Five years ago, a small gathering of art enthusiasts began meeting at Blackford High School. Artists and graphic artists, musicians and lawyers, marketers and businessmen, even the mayor came to work toward a common goal - to bring inspiration and beauty to the citizens of Hartford City.

The small panel met often to discuss possible ways to share the beauty of art. Their passion began to catch on with those around them, and before long they had garnered enough support to dream a little bigger.

With the help of the previous mayor, Dennis Whitesell, they hosted a small gallery night at the local City Hall. It was a success - the artwork was beautiful and the turnout was promising. However, the greatest reward came at the end of the night - after everyone had gone home. They had offered a short survey at a small table in the back, asking what kind of arts events the people would like to see. Did others believe - as they did - that the arts could beautify Hartford City? The response was overwhelming.

That night, the art board knew that it was time to dream even bigger.

They contacted Eric Rogers of the Arts Place Portland to begin talks of hosting an official center for the arts in Hartford City. If they could gain the support of the already successful art center, they might really have a shot at this thing. To their surprise, Eric was more than happy to help. They had their shot. But what now? They had no building.

Ben Oswalt had been on the small art board for some time, so when he decided to retire from his business on the square, he gave his building to the City with one stipulation - the budding art center must be allowed to use the building for a reasonable fee. The City happily agreed, hopeful at the prospect of having a center for the arts in the community. They rented the building out for peanuts.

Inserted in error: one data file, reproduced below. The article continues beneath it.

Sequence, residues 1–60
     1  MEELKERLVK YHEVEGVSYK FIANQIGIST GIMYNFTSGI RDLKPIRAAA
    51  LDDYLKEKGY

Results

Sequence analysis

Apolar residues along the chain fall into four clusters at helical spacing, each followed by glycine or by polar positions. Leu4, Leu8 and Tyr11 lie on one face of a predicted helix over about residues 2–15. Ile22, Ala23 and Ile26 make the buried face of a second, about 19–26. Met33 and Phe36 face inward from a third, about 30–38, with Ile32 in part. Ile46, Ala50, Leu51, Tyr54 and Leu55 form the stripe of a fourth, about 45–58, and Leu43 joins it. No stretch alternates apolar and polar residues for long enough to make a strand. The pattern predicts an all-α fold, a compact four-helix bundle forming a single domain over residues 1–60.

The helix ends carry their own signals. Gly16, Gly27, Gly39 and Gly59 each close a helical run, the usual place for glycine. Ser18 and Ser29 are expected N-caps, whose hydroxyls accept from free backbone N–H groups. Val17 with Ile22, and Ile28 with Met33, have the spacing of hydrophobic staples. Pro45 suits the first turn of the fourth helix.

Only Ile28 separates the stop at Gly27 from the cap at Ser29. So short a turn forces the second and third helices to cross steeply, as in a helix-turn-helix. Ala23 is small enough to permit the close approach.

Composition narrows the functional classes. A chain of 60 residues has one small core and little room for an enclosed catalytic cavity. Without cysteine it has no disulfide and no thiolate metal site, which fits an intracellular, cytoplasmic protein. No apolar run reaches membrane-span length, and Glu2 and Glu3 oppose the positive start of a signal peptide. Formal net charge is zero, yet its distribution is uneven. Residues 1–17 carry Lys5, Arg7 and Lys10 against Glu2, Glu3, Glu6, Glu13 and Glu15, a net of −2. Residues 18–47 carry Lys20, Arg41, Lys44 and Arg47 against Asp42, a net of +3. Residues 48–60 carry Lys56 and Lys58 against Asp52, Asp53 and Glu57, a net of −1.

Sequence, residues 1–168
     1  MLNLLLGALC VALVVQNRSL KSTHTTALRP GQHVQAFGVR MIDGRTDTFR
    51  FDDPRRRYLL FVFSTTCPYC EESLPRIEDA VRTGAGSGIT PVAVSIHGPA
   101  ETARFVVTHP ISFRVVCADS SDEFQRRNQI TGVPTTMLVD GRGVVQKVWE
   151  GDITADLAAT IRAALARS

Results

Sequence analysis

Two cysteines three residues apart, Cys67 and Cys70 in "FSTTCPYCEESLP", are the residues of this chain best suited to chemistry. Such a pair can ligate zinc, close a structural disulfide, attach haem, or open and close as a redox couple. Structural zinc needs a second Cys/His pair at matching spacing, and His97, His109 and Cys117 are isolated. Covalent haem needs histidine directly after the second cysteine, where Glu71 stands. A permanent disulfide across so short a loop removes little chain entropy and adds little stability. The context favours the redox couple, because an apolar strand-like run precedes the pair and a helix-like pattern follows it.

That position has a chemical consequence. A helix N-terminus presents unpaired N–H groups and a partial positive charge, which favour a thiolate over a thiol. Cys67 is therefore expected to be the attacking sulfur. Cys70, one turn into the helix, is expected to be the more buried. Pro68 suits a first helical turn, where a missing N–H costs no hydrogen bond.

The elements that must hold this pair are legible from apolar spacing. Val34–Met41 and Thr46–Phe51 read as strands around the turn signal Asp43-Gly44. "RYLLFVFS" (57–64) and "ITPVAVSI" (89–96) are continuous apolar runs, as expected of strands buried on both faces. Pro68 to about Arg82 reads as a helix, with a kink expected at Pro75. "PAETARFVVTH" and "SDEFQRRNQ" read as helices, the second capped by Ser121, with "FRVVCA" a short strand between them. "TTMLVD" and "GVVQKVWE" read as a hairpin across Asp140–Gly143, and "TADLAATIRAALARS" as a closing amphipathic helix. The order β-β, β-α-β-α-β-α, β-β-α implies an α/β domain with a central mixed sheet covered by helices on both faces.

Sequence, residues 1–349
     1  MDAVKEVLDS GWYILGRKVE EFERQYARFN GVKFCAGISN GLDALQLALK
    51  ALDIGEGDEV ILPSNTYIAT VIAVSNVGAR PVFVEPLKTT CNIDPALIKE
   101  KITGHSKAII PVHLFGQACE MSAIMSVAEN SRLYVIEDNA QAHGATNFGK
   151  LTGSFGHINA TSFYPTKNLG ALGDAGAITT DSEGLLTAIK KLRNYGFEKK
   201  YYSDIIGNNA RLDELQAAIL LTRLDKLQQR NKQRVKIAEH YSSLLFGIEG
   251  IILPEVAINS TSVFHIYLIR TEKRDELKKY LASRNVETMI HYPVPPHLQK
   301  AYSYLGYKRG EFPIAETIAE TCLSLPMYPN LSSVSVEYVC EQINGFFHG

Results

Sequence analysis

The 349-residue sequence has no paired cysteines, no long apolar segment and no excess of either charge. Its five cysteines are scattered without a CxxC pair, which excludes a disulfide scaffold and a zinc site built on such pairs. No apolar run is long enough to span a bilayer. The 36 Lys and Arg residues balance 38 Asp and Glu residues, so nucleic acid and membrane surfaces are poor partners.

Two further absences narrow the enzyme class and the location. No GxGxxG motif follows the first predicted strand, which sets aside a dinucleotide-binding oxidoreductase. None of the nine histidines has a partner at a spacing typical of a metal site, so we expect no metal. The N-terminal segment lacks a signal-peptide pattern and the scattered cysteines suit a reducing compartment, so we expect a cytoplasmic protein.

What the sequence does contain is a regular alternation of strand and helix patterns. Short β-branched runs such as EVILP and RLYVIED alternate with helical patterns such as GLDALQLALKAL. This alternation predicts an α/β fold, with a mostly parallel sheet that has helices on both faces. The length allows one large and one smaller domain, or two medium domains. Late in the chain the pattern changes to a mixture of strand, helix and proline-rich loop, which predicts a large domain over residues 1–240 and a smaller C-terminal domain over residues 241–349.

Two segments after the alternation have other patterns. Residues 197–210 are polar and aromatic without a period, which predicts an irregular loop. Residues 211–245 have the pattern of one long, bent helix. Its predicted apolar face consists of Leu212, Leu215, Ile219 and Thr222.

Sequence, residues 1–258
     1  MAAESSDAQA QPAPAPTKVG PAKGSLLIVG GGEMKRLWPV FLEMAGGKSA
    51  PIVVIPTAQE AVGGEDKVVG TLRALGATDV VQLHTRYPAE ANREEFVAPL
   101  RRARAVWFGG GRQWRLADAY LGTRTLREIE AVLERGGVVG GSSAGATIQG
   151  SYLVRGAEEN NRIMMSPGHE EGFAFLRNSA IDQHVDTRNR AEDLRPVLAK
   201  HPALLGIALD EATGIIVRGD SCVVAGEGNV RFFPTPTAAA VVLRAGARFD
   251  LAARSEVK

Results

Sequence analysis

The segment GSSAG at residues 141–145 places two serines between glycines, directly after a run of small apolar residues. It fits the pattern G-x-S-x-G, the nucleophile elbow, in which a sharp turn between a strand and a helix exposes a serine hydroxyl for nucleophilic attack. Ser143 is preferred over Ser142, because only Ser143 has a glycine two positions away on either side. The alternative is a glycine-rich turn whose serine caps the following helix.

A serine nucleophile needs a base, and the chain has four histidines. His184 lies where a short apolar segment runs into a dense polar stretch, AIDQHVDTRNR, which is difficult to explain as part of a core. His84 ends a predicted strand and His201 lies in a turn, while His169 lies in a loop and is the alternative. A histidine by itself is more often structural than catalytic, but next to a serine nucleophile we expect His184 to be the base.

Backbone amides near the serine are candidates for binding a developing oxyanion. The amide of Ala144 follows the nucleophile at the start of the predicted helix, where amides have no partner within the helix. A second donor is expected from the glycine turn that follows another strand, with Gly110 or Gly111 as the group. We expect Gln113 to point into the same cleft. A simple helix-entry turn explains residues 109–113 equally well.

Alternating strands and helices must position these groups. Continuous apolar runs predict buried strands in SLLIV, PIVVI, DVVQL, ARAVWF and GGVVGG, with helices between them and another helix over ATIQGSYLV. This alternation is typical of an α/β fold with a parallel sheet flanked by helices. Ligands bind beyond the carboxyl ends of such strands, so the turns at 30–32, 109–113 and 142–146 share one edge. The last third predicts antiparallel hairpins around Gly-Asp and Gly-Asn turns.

That first day, when the volunteers arrived at their new building to begin cleanup, they had no idea what they were in for. There’s no way they could have. But they didn’t expect this.

  Photo credit to BCAC

Photo credit to BCAC

Boxes completely filled the building - mountains of paperwork and boxes which reached four to five feet high. The only way to even walk into the building was to use the small paths which winded like a maze through the boxes and occasionally came to an abrupt dead end. The only way to begin clearing the boxes out was to climb on top of the stacks and start handing boxes down, one by one, to be taken to the trash outside - where it was snowing and sleeting. So in the heart of February wearing bulky winter coats, the small group of volunteers began the months-long process of getting the boxes out of the building.

At some point, the mayor pulled some strings to help them out. While attempting to achieve grandiose and potentially impossible dreams... apparently it helps to have the Mayor on your group board. He arranged for a garbage crew to bring a truck right to the alley - and they began loading it up. Truck after truck, week after week, they cleared out their studio.

Finally, they were finished… unpacking. Now it was time to begin renovation.

With such little funding, the board had no idea where the money would come from, but they raised as much as they could. They bought paint for the walls. They scrubbed and cleaned every square inch of the building - but it wasn’t enough. The carpet was dated, damaged, and a terrible shade of pink. The drop ceiling was badly aged and not conducive to spotlight installations.

As they stood around discussing whether paint might help the ceiling, at least a little bit, Tisha Trice asked herself what might be behind the drop ceiling. She gingerly climbed one of the tall ladders they’d been using for the paint job, and carefully peeked into one of holes of the damaged drop ceiling. She gasped. “There’s a really cool tin ceiling!”